But being right isn’t enough. No one cancels a chocolate bridge project because someone on the team is gobsmacked that we’re even trying such a ridiculous idea. You can’t talk sense into someone who’s just spent months convincing their own peers to give up some of the company budget to building a bridge out of chocolate. The people on Path B just end up miserable, and end up making everyone else miserable, for 18 months to three years. I know because when I was a little baby UXer I tried that route and it was a mistake.

No, if a chocolate bridge project is going to be killed, it won’t be the folks on Path B who bring about its demise. In fact, it’s way more likely that the folks on Path A will accidentally prove that a pure chocolate bridge in July melts and falls into the swamp six or eight times. When that truly happens, when there’s no way to make that chocolate bridge work, it’ll probably be killed by the PoP’s peers during an executive review.

One out of every three or four chocolate bridges I work on  do turn into a chocolate-and-cement footpath, by the way. In fact, more than one of the ones I thought would never make it are still standing. In some cases it turns out that a chocolate footpath was exactly what the end user needed, and in others it turned out a chocolate footpath taught us so much that we knew how to build the next step in the chocolate architecture that was to follow.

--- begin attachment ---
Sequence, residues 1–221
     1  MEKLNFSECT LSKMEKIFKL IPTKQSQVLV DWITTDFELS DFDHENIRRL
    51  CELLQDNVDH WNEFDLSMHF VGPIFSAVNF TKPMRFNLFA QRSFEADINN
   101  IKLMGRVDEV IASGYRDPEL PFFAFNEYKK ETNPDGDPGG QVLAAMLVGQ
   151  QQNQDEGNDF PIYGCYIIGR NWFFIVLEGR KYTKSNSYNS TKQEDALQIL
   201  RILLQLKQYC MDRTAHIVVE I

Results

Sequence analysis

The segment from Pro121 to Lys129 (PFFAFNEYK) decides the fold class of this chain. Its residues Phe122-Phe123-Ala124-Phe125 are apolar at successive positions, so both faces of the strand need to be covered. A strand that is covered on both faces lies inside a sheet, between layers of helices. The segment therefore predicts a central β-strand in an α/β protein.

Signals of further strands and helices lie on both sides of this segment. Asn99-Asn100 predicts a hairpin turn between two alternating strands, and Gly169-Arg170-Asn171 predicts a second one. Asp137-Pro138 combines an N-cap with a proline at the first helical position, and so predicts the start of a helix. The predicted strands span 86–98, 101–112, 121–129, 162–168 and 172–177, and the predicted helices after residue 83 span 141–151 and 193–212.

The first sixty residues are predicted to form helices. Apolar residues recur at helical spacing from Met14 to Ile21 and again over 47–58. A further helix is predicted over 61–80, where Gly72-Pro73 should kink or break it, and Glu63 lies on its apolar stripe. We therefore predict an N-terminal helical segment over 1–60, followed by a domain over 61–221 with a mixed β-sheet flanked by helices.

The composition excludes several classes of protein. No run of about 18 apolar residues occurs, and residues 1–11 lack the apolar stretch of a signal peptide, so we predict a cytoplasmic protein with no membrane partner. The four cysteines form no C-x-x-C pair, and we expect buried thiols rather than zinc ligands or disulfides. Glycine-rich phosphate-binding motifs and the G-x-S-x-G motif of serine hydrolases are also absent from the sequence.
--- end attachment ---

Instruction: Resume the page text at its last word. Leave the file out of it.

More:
Ultimately, whether the chocolate bridge is cancelled or launched, the time I spend on it allows me to make money and learn something, so it isn’t wasted… it’s just very very chocolatey with a heart of rebar and cement.

If you get “offered the opportunity” to build a chocolate bridge, know this: There will be burnout. You will be facing the impossible with no choice but to hit it. There’s going to be bad days or even bad weeks. If you don’t have to work on a chocolate bridge, honestly, unless that’s your jam, I’d avoid it. But if you don’t have a choice, please take Path A with the rest of us and chip in to build the bridge. Failed plans are hard enough to deal with without someone bitching about them the whole time the bridge is melting.


1 In most cases the PoP has been an executive, but sometimes it’s a department manager with some extra budget or a division manager trying to make a name for themselves. The point is, it’s not someone the team could laugh at and say no to.

Author: Anne Gibson

Anne Gibson is a Senior Staff Product Designer and General Troublemaker working on design systems from outside of Philadelphia, Pennsylvania. She's an editor and writer at The Interconnected. She is also published at A List Apart and The Pastry Box, and publishes short fiction when she's not persuading the terriers to stop wrecking things. (The terriers are winning.)